Batroun is located 53 km north of Beirut. The coast is characterized by a rocky promontory made of calcareous sandstones (coastal aeolianite locally known as ramleh), separating two coves on its northern and southern sides. The ancient city was located above the rocky promontory, the western side of which was exploited as a quarry during Antiquity remains of which include the quarry floor and an impressive sea-wall, 220 metres long with a mean width of 1-2 metres and a maximum height of 5 metres. Locally known as the Phoenician wall, it remains however, undated although Graeco-Roman potsherds can be found cemented within a beach-rock deposited above the quarry floor.
Very limited archaeological investigation has been undertaken at Batroun, although the city is mentioned in the Amarna Letters from the second half of the second millennium BC. Later historical sources continue to mention, although infrequently, Batroun which appears as a modest coastal city throughout its long history, except during the reign of the Severans (early 3rd century AD). It has been suggested that the coves north and south of the promontory of Batroun, although able to host harbour installations, were too small to make Batroun an important maritime city. It is eventually believed to have been destroyed by a violent submarine earthquake and a subsequent tsunami during the 6th century AD.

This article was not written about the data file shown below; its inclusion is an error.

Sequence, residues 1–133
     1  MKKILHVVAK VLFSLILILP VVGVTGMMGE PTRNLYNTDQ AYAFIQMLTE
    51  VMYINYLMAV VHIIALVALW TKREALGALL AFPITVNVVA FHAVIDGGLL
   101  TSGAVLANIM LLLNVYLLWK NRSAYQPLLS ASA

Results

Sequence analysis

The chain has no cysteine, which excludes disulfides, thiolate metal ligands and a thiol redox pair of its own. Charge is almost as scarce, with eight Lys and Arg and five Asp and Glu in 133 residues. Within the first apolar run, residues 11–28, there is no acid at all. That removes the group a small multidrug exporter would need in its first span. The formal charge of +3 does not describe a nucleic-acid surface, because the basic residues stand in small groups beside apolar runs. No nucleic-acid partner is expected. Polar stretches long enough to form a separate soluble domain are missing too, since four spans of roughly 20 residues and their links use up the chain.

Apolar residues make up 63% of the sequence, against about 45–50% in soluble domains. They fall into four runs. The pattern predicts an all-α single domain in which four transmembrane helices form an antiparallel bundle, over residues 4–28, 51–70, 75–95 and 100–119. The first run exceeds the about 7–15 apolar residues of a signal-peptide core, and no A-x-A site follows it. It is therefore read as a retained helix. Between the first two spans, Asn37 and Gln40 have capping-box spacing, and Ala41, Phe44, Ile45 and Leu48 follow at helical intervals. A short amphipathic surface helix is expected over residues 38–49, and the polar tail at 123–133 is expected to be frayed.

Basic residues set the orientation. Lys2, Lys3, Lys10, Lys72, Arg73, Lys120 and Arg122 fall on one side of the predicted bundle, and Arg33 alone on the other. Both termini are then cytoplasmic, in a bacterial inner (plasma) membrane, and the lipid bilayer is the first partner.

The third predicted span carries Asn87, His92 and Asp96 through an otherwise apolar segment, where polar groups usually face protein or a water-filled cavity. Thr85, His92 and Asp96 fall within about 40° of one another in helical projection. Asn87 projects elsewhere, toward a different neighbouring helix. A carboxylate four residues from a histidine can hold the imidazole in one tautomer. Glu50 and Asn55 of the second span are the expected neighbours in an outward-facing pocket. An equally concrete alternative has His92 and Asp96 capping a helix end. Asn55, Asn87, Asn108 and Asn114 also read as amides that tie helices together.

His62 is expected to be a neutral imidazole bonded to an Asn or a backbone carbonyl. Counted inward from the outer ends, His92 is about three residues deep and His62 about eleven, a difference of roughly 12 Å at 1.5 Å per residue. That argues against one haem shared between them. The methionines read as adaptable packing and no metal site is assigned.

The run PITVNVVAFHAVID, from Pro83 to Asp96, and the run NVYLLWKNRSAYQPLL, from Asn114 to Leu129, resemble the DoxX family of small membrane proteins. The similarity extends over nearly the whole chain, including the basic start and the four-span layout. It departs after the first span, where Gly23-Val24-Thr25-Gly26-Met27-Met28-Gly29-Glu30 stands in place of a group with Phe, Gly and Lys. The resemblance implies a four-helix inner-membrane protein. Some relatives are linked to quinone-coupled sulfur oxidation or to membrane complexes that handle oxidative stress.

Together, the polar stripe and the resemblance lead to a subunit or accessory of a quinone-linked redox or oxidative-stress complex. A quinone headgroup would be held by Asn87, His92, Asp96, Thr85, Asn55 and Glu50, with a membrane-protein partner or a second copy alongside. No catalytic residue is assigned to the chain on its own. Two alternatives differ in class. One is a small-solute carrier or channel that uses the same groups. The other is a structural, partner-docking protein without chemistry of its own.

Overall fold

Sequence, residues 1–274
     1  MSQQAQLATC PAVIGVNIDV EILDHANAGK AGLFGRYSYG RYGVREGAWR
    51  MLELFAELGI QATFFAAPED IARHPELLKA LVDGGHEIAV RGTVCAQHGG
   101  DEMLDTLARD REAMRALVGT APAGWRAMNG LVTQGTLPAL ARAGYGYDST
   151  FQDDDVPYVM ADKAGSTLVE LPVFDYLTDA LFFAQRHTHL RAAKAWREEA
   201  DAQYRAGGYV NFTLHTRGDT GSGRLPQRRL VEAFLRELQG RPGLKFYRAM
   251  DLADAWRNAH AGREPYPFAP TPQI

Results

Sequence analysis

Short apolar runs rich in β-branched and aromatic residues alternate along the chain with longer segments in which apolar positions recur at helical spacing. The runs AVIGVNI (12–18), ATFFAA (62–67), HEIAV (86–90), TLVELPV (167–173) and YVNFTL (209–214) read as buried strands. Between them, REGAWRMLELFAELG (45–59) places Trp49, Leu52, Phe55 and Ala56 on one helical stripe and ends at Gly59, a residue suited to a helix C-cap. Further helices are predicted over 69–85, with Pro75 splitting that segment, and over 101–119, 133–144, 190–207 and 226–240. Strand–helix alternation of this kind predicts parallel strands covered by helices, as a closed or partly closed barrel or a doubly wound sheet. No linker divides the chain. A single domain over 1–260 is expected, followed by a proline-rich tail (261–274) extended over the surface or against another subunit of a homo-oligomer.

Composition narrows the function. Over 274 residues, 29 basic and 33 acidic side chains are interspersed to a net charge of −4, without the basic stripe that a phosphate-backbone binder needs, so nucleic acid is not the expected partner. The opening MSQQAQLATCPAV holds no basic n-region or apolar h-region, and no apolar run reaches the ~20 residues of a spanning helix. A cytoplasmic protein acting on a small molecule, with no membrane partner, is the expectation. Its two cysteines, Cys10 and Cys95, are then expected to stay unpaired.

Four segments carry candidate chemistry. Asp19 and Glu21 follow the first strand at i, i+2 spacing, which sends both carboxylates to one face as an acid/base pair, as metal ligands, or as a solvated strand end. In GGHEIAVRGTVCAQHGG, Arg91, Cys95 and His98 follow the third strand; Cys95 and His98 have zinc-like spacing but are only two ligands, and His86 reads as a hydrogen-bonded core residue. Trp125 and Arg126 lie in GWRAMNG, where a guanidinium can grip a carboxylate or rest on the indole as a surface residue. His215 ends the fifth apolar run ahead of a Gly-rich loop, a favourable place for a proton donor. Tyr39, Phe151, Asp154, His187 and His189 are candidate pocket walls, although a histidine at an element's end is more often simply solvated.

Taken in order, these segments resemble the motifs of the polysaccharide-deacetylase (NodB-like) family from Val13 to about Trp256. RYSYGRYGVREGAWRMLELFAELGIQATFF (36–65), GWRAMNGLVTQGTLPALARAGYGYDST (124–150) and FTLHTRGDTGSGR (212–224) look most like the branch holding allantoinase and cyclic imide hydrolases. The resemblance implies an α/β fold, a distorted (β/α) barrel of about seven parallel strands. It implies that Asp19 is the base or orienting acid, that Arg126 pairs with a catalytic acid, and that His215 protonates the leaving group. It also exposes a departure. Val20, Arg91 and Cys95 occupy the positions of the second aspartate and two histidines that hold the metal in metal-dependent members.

Our project objectives were to introduce a geoarchaeological perspective to the study of Batroun’s history. The site indeed presents coastal potential (harbours / quarries) and constraints (relative sea-level and coastal changes, high-energy events such as storm and tsunami). A preliminary geomorphological survey was thus conducted in October 2017 in order to refine our understanding of the coastal mobility of the site during the historical period. Indeed, ancient marine abrasion platform slightly elevated above modern biological sea-level, as well as eroded beach-rocks containing numerous potsherds, confirm that the coastline was different in Antiquity. A series of radiocarbon dates of shells will help to refine the chronology of this palaeo-shoreline settled in Antiquity and will provide new data to characterize uplift processes at this point along the Lebanese coast.
A second survey planned for 2018 will aim at (1) extending the survey and dating of preserved beach-rocks, including the survey of ceramic remains, to refine the palaeo-geography of Batroun coast, (2) initiate underwater survey of archaeological remains and submerged sea-level indicators, (3) test potential dating of the “Phenician” quarry through cosmo-nucleides method.